- U.K. Prime Minister Boris Johnson has advised the public to avoid pubs and restaurants, but the government has so far stopped short of an enforced lockdown.
- J.D. Wetherspoon Chairman Tim Martin also backed the controversial "herd immunity" approach to tackling the outbreak adopted by Dutch Prime Minister Mark Rutte.
Major British pub chain J.D. Wetherspoon plans to stay open in defiance of government advice amid the coronavirus pandemic, but has vowed to implement social distancing between drinkers.
U.K. Prime Minister Boris Johnson has advised the public to avoid pubs and restaurants, but the government has so far stopped short of an enforced lockdown. The country has now confirmed 2,716 cases of coronavirus, according to Johns Hopkins University.
Wetherspoon Chairman Tim Martin told CNBC that the government's guidance was "ambiguous" and likened the closure of pubs to the shutting down of Parliament.
"I don't think pubs and restaurants should be shut down completely. I think there should be social distancing, people shouldn't stand at the bar, and there are various measures you can put in place for safety, but I don't think it is right to close them," Martin told CNBC's "Squawk Box Europe," adding that such a move would be "too disruptive."
"If we can stay open and tick over with a few staff, distance between the tables and so on, I think that is a sensible thing for us and it is better for the country," Martin said.
Martin suggested that if trade falls by 50%, he would be able to retain more than half of his staff. Wetherspoons reported first-half profit before tax of £57.9 million on Friday morning, up 15% from the previous year, but canceled its dividend and warned that earnings will suffer as a result of the coronavirus.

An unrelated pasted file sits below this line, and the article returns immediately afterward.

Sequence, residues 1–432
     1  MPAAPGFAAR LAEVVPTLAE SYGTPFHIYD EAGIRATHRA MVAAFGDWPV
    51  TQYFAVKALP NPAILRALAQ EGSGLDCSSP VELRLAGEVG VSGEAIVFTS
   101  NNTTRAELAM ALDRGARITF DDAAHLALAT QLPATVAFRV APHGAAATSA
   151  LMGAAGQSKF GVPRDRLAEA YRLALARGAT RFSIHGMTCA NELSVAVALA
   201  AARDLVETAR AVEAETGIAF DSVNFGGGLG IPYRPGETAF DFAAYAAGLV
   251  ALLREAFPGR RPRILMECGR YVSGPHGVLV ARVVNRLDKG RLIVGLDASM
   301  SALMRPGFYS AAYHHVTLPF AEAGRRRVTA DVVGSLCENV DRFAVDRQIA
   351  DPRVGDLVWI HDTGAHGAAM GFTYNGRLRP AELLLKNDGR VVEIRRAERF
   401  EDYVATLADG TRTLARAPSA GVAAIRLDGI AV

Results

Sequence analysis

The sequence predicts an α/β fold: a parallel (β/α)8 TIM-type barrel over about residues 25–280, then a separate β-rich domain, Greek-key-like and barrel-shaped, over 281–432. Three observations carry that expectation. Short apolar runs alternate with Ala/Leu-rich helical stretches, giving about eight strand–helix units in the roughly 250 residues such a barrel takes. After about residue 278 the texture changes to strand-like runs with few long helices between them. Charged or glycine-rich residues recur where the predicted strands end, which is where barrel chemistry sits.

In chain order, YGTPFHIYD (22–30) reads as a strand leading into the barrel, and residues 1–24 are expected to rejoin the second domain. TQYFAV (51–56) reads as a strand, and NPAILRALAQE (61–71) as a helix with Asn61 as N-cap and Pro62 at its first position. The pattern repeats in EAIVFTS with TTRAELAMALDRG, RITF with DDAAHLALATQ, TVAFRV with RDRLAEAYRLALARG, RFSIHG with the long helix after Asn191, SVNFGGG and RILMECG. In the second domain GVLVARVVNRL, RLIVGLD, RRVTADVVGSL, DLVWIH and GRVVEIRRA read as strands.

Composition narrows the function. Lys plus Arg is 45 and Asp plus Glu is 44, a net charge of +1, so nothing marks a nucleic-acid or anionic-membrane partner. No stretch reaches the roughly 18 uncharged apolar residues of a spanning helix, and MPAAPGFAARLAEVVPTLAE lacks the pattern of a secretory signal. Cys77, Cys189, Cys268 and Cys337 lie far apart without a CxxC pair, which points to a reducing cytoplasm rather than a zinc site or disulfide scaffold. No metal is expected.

Martin also backed the controversial "herd immunity" approach to tackling the outbreak adopted by Dutch Prime Minister Mark Rutte.
"The reality is that in the near future a large part of the Dutch population will be infected with the virus," Rutte said in a national address Monday. "We can slow down the spread of the virus while building controlled group immunity."
The same approach was originally preferred by the British government, which has since reversed course.
"They know that some people are going to get the virus, we don't have a vaccine, and as people build up immunity, particularly young people who are very low threat, the next time the virus comes back which it will do once the lockdown finishes, you're in a better position," Martin argued.
The World Health Organization has questioned the evidence supporting the "herd immunity" tactic, since COVID-19 is too new among the population to understand its immunological behavior.
Another concern would be the human cost. Based on available confirmed diagnoses, the U.K.'s death rate from the virus sits at around 5%. Britain's chief scientific officer Patrick Vallance has suggested that 60-70% of a population would need to contract the virus in order to develop this immunity.
Based on the assumption that 60% of the U.K.'s 66.44 million people, according to 2018 figures from the Office for National Statistics (ONS), will contract the virus, and the current death rate, almost 2 million people in the U.K would have to die as part of the initial herd immunity effort.
However, testing is still somewhat limited and the case total is widely believed to be much higher. As of Thursday, 64,621 people in the UK had been tested for coronavirus, but the government aims to be testing 25,000 people a day within four weeks.